It is an interesting journey being “advanced maternal age.” Sometimes I look at young(er) women or young(er) mothers and I think You look so not tired. Or Wow your stomach looks so not stretched. I remember that. That feels like a long time ago. Or I envy younger moms who are more likely to have their grandparents be present for their children’s growing up. My child will already never meet one of his Grandpas. He died before my baby was born. However, there are gifts I have being “middle aged” that I couldn’t have come by earlier in my journey. I had not yet solidified my eating disorder recovery in my twenties. I had not earned a doctoral degree in Psychology in my twenties. I had lots of ideas and lots of difficulty with follow-through. I thought being earnest would pay the rent. The concept of income needing to match or be greater than outgoing expenditures was not a concept I truly understood or felt applied to me. Because I now have financial clarity, I don’t have to “deprive,” “restrict” or  “binge” or “purge” with money, like I used to do with food in my twenties. Interestingly, though I hated my (flatter) stomach in my twenties, I now love my (stretched) stomach in my early middle age. I also have much more capacity to pause and come back to difficult interactions in relationships rather than avoid, hide, or leave. I would not have been ready for marriage in my twenties. I would not have had the “distress tolerance” skills to go toward a young child and stay emotionally present through individuation-attempting tantrums. I would have been inadvertently shaming or stuffed the discomfort with food. I can tolerate it now. I would not have been a good, or frankly even good-enough, mother in my twenties. I wasn’t ready. I remember studying for the Psychologist licensure exam learning that the executive function of the brain (the part that fully understand cause and effect and is able to therefore pause impulsive actions) is not fully developed until the late twenties, or even 30. Does that mean all women should only have children after age 35? Or that only women over 35 are good (enough) mothers? Of course not. And not all women are able to. One always has the potential to become a good (enough) mother. In fact, the eating disorder recovery process mirrors the journey of becoming a good enough mother to one’s self: allowing and embracing imperfection, listening to and honoring emotions, communicating clearly, getting enough sleep, eating in a balanced way, practicing mindfulness or spirituality, connecting with support. And THAT is always possible and always a work-in-process, regardless of one’s chronological age.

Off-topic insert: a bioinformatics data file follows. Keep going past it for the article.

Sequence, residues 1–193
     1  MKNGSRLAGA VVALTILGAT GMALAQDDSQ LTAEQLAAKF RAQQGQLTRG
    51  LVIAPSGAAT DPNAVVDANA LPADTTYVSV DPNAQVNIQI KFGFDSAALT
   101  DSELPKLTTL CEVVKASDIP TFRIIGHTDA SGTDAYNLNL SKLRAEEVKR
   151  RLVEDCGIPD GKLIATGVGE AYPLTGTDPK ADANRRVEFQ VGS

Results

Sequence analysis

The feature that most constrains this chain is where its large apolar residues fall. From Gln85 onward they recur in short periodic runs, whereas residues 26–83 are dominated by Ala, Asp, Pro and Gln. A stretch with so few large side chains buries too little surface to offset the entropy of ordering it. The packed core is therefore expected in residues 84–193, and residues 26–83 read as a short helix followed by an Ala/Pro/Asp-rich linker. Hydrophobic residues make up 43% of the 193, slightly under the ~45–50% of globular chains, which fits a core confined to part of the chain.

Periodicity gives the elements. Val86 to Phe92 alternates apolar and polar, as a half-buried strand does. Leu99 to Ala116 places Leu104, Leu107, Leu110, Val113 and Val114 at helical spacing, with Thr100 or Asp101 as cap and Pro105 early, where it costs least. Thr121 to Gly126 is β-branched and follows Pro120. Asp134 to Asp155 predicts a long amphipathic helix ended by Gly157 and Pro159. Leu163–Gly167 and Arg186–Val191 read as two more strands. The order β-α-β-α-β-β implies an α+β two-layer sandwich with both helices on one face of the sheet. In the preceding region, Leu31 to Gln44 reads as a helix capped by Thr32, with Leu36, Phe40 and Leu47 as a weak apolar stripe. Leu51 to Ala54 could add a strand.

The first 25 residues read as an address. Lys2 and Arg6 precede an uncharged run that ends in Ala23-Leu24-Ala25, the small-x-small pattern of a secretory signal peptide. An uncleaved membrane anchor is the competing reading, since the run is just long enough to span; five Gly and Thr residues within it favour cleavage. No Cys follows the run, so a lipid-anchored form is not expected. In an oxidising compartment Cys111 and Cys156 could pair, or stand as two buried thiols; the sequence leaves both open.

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Dr. Linda Shanti McCabe is a Mom and Licensed Clinical Psychologist who works with women recovering from Eating Disorders, Body image difficulty, Depression/Anxiety, Perinatal Mood Disorders, and New Mommy “boot camp.”You can read about her work professionally at www.drlindashanti.com

Resources:

1. T.J. Mathews, T.J. and Brady E. Hamilton, “Delayed Childbearing: More Women Are Having Their
First Child Later in Life,” Center for Disease Control NCHS Data Brief, Number 21, August 2009. http://www.cdc.gov/nchs/data/databriefs/db21.htm

2. Mangweth-Matzek, Barbara, Hoek, Hans W. et al, “Prevalence of eating Disorders in Middle-Aged Women,” International Journal of Eating Disorders2014; 47:320-324.

3. National Association of Anorexia Nervosa and Associated Disorders websitehttp://www.anad.org/get-information/about-eating-disorders/eating-disorders-statistics/

4. Pipher, Mary, Reviving Ophelia: Saving the Selves of Adolescent Girls (2005).

5. Grabe, Shelly, Routledge, Clay, Cook, Alison, Anderson, Christie, and Arndt, Jamie “In defense of the Body: The Effect of Salience on Female Body Objectification”, Psychology of Women Quarterly, Vol 29, 2005.

6. Harding, Anne Eating disorders: Not just for the young, CNNHealth.com, June 27, 2012. http://www.cnn.com/2012/06/26/health/mental-health/eating-disorders-not-just-for-young/

7. Barton, Adriana, “Are middle-aged women succumbing to ‘Desperate Housewives syndrome’?” The Globe and Mail, March 6, 2013.http://www.theglobeandmail.com/life/health-and-fitness/are-middle-aged-women-succumbing-to-desperate-housewives-syndrome/article578178/

8. Tiggemann M., “Body image across the adult life span: Stability and change,”Body Image 2004; 1:29-41. 9. Slevec JH, Tiggemann M., “Predictors of body dissatisfaction and disordered eating in middle-aged women,” Clinical Psychology Review 2011; 31: 515-524.